Heaven’s Gate – A Near Death Experience at 6:22AM

“What a bunch of whackos,” we could be forgiven for thinking. We’ve had over 25 years of brainwashing, after all.

CW: Today’s post discusses mass suicides, cults, child harm, and other unsavory things. I will not be inserting any upsetting pictures. Please proceed with caution!

So, I joined a gym.

That’s not the purpose of this post – not fitspo, not weightloss or bragging about reps or gains or anything else. It is, however, necessary for setting the scene.

But let me back up.

So Wednesday the 22nd, I watched the new WACO documentary on Netflix. I had been looking forward to it for a while – I am old enough to remember when it happened, although at thirteen only recall the beginning and ending, while the weeks in between shootouts didn’t register. In the years since, I’ve become mildly interested in it and read or watch things when they come up. This documentary I found disappointing – it was a lot of sensationalism, some interviews with eye-witnesses, but no analysis or much expert commentary. I have watched other docs on Waco – Ask a Mortician’s examination of it was particularly compelling as she pointed out the failures of law enforcement and how they led to so many unnecessary deaths. The disappointment led me to want to revisit a pretty good one on a true crime show I saw on HBO last year, but I couldn’t remember the title or particulars so I just searched ‘documentaries.’

Which is how I found the Heaven’s Gate: Cult of Cults doc. I didn’t notice the release date and thought it was something from a while back, so I decided to watch.

In short: it is good.

VERY good.


Like most people of my generation I knew the name mostly from pop-culture references; 39 bodies were found in a California mansion, all dressed alike in drab uniforms and black Nike sneaks, lying prone on beds, bunkbeds, and even tables repurposed into makeshift beds, their faces and upper bodies covered by dark cloths. Back in 1997 when the story broke, we were largely still consuming broadcast and print media, which was carefully curated. Information was much harder to access – if you wanted more information, you had to know how to source it: make phone calls, request permission, fill out forms, drive places, or wait for someone to mail you a package. There were a lot of checks in place that ensured only controlled, curated narratives were released. Tabloids would release salacious details and disgusting pictures, but they were known even in the 80s and 90s to edit images so they weren’t credible. So newscasters and other ‘people in authority’ dismissed the Heavens Gate members as ‘crazy fanatics.’

“What a bunch of whackos,” we could be forgiven for thinking. We’ve had over 25 years of brainwashing, after all.

But what emerges during the documentary (which has some questionable music choices, for sure) is a very, very different picture. And I can honestly say that here, in the year of our lord 2023, while we are beset by the looming specter of another world war, environmental disasters, mass shootings, and the callous cruelty of the everyday person, I get what they were trying to do.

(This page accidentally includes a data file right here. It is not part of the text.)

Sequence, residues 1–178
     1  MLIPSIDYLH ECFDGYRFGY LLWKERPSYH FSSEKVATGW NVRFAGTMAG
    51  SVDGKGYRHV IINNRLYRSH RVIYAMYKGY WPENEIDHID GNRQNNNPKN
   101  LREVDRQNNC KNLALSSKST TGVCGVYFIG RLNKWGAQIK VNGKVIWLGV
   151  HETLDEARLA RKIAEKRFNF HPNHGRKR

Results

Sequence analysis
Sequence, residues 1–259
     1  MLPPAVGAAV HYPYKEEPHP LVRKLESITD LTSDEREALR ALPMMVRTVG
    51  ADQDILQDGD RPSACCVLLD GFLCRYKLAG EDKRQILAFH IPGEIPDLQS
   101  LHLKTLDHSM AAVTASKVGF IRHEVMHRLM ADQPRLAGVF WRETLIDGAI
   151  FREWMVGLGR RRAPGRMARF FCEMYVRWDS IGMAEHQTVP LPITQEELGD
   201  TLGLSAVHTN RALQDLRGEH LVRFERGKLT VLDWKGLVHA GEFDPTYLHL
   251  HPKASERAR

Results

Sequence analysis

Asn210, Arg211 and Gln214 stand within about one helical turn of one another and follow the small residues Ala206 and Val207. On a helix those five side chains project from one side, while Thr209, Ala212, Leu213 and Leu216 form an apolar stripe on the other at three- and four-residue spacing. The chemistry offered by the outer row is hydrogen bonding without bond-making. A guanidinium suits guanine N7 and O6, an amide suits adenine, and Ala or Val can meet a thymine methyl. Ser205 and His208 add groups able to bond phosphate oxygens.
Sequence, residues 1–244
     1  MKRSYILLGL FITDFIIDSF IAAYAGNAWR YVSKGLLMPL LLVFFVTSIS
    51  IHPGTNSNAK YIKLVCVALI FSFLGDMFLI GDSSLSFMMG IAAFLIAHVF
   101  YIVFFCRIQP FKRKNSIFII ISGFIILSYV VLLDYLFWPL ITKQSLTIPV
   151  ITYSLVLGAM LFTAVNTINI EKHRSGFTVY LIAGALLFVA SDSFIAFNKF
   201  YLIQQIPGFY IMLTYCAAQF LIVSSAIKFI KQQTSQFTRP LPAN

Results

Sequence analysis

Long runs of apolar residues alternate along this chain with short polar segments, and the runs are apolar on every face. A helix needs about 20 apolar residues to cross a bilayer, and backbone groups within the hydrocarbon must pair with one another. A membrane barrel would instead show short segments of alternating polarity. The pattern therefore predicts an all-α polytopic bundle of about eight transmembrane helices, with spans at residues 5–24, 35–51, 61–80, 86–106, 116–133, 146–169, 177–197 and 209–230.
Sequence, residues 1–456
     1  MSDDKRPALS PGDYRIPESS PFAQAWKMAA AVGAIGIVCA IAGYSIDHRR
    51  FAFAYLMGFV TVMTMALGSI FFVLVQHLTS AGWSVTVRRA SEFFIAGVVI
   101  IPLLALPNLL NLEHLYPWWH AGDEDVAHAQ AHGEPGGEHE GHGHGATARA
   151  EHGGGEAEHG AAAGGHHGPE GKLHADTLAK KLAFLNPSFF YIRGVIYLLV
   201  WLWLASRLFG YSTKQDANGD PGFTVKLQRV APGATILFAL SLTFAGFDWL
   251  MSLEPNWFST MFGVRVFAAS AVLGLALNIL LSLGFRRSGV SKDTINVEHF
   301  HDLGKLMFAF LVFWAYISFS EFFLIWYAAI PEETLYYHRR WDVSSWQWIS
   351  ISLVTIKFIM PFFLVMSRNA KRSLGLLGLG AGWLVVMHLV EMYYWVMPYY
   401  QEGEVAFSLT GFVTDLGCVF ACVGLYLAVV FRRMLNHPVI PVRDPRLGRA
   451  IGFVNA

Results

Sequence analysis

Now let me be clear – I’m not about to form a cult, and I’m not talking about intentionally hurting myself or anyone else. FAR from it. I’m in a very healthy mental place right now.

But consider this: how many memes or jokes have you heard in the last few years about people being overwhelmed? People wanting to run away to the woods to be a forest witch, to change their name and disappear from daily life forever? How about the current fascination with cottagecore, farmhouse core, witchcore (yes, the algorithm has me tagged, no apologies)? Consider this also: a segment on Sunday Morning last year explored the current fascination Boomers have with the Andy Griffith Show – they see it as a ‘return to the good old days,’ which of course were good for them because old White men had a wonderful time in the good old days – not so much for anyone else. In short, our current reality sucks and people want an escape from it. Of course there’s variation in what you’re escaping from: conservatives are escaping from a present where white people are the minority and are treated just as poorly as LGBTQ+ people and People of Color have been for centuries; liberals are escaping from school shootings, environmental catastrophe, war, and the crushing responsibility of living within broken institutions while being expected to fix them. But hey, potato potato. But still, what’s a sane, well-meaning person to do?

Sound familiar?

Join the Cult, We’ve Got Jackets

Why, join a cult! People joining cults, communes, or religious sects are looking for the exact same thing: answers. Although the answers may take different forms (giving up all earthly possessions; devoting your life to a good cause; matching outfits),  they are nothing new. To be clear, most cults are not up front about their end game, and might even start out as earnestly offering benign resolutions to the chaos of life. There is usually an evolution that takes people from Point A (Are you unsatisfied with your life?) to Point C (They’re trying to flank us, give the women and children the cyanide pills) with a whole lot of microsteps in between. Really, the only thing that differentiates a cult from a commune or a religion is numbers and the amount of gardening or guns involved.

The Heaven’s Gate premise was this: that a spacecraft was going to come and take away the believers to a better world. Sounds pretty absurd – but it’s really just a flavor update to that classic religious formula of ‘follow these rules and you get something better than the people who don’t.’ Just with aliens in place of giant flying eyeball wheels.

A giant flying eyeball wheel
BE NOT AFRAID says the giant flying eyeball wheel